Netflix has just started streaming a documentary, first screened in 2018, called, “Behind the Curve,” directed and produced by Daniel J. Clark. The IMDB summary reads:
Flat Earthers, a term synonymous with conspiracy theorists who wear tinfoil hats. Meet real Flat Earthers, a small but growing contingent of people who firmly believe in a conspiracy to suppress the truth that the Earth is flat. One of the most prominent Flat Earthers is Mark Sargent who, in the midst of the upcoming Solar Eclipse, proudly speaks at the first Flat Earther conference.
The film mostly follows a number of FErs, notably Mark Sargent, as they go to meet ups, host youtube shows, and, at the climax, attend the Raleigh conference. These sections were interspliced with interviews with a couple of astrophysicists from CalTech, a science writer, and a couple of psychiatrists.
The focus was on the community of FErs as a great big family, subject to sibling rivalries and spats, yes, but a community nonetheless. This allowed the emphasis at the end on the idea that FErs are not “crazy” or intellectually stunted but have found a community when others have rejected them. Within this community, the FErs can all be protagonists of their own world creation. The selected footage of the Raleigh conference certainly emphasized the apparent nature of the conference as a revival meeting, in which every speaker affirmed their belief in FE and gave their conversion story.
In parallel to the community was the issue of conspiracy theories, One of the key subjects in the film, Patricia Steere, made an interesting observation that conspiracy theories form a complex web, but FE is at that the center of that web. If you can sustain the conviction that governments and churches and universities, etc., have all hidden the FE truth for 450 years (it would actually have been longer, as knowledge of the earth goes back to about 400 BCE), then you can sustain a conviction in most any conspiracy theory.
And the film makes interesting comments on the experiments that FErs have been doing to prove the earth’s flatness. Two experiments in particular: a repetition of the canal level survey that was used in the 19th century to kickstart the FE movement, and a high-end gyroscope. Both experiments gave the wrong results (i.e., proving the earth is not flat) but the FErs concerned immediately tried to think of exculpatory reasons.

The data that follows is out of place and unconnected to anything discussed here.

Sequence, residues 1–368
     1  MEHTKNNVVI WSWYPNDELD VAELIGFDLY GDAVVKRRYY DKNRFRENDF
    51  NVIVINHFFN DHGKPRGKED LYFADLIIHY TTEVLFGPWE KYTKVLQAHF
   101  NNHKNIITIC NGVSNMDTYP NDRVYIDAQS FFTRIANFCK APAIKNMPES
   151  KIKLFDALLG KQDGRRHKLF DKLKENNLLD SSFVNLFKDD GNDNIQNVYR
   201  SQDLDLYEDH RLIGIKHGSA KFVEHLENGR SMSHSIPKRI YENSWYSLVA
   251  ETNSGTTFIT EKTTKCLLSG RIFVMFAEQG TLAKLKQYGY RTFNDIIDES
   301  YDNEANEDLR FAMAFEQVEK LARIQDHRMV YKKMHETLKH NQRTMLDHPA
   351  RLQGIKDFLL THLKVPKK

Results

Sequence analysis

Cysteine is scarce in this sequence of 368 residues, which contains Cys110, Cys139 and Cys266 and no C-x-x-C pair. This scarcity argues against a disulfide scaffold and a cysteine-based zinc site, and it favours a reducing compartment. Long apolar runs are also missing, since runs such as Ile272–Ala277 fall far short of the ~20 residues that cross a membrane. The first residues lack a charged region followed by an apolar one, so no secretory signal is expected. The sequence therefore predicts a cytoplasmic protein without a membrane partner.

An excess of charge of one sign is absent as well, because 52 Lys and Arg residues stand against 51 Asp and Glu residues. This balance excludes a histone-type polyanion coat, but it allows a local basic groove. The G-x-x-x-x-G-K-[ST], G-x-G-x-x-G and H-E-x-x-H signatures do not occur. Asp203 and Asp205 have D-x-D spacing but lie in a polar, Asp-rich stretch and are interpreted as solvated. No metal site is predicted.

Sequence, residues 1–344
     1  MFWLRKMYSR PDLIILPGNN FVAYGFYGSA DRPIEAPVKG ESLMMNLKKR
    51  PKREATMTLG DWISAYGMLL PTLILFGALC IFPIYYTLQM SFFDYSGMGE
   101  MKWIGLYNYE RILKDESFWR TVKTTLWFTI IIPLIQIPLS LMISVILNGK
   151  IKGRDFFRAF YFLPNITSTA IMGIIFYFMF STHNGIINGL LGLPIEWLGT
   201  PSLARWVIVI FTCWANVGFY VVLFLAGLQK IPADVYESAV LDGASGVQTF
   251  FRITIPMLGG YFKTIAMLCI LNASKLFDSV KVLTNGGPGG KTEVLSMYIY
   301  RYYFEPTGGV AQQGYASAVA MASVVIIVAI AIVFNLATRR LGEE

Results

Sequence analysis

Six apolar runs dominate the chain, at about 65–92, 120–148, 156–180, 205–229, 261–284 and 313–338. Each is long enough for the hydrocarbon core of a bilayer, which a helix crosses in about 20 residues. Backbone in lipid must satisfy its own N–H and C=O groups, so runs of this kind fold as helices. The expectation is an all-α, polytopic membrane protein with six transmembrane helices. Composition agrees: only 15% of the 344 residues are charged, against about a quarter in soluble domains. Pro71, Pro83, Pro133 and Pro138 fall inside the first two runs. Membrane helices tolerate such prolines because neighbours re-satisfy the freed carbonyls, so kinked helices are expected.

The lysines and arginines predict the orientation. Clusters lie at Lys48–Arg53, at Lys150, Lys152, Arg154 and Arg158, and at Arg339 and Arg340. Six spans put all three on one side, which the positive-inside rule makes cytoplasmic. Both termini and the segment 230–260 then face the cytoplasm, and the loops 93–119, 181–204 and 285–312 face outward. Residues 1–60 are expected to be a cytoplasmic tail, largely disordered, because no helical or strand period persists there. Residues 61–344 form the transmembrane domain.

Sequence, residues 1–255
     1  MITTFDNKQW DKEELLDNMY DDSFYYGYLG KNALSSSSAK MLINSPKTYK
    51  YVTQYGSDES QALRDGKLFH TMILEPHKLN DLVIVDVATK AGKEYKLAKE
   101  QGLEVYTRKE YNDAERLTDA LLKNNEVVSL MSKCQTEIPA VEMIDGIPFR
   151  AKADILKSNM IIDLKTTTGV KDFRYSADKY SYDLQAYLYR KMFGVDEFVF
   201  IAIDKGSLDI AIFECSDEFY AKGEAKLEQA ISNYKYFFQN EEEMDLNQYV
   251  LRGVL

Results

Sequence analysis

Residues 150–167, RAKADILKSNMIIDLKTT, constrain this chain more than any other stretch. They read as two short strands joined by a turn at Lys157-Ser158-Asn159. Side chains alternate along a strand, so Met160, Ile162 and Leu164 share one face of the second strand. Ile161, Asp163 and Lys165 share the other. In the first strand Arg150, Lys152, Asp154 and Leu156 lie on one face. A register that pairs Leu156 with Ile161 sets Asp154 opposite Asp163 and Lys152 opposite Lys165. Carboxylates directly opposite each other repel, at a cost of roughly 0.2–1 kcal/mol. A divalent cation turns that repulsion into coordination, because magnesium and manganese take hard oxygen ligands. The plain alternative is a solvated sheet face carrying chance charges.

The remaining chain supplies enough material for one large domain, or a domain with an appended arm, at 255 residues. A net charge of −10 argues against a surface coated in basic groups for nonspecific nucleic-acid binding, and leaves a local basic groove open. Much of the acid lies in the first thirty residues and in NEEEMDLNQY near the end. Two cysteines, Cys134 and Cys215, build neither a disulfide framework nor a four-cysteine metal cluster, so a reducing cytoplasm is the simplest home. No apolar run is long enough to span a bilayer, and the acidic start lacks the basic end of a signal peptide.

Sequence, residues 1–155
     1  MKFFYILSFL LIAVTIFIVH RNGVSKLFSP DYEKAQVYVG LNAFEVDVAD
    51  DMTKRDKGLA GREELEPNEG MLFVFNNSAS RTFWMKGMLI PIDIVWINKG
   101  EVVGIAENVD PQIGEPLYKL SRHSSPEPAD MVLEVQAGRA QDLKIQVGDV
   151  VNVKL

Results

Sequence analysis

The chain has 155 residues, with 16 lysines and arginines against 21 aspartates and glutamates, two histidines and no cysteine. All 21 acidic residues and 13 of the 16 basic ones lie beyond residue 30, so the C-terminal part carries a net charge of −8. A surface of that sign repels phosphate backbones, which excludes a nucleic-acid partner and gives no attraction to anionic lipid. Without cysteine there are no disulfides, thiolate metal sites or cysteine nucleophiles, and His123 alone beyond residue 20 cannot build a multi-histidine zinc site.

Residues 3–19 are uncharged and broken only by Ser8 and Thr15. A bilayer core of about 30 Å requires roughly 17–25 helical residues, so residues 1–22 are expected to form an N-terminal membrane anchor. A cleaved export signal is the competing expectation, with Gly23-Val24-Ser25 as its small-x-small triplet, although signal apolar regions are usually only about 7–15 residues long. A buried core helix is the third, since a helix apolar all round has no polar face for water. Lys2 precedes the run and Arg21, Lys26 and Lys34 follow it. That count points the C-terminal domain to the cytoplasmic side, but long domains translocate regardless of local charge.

Implicit is FErs’ distrust of “science” or “scientism” (not explained, but I understand to be a fundamentalist dog whistle) and complex mathematics and an absolute commitment to trust only what they see with their own eyes. I found it fascinating that in the leveling of a canal in California, the initial experimental design called for the use of a high-powered laser, that would make the sightline visible. Just looking through a good theodolite is not good enough: how can others trust that the telescope is properly calibrated. It’s generally accepted by scholars who worry about FErs, that none of the FE models can explain solar eclipses; after the 2017 total eclipse, one FEr ignores that problem by stating that it looked as though the sun was eclipsing itself and that the moon was no involved. Personal observation is all that can be trusted.
The film does not however address
1) the role of fundamentalist religion in requiring a belief in a flat earth in order to sustain a literalist interpretation of the Bible
2) the strong possibility of active deceit in selecting evidence (beyond the inability to accept the results of the experiments)
3) the marked variation in FE models, other than some hints about infinite planes (new to me), and especially issues of stationary and moving FEs (of issue re gravity)
Finally, the last thing I learned was that the conference center where the Raleigh conference was held has, outside, a gigantic globe: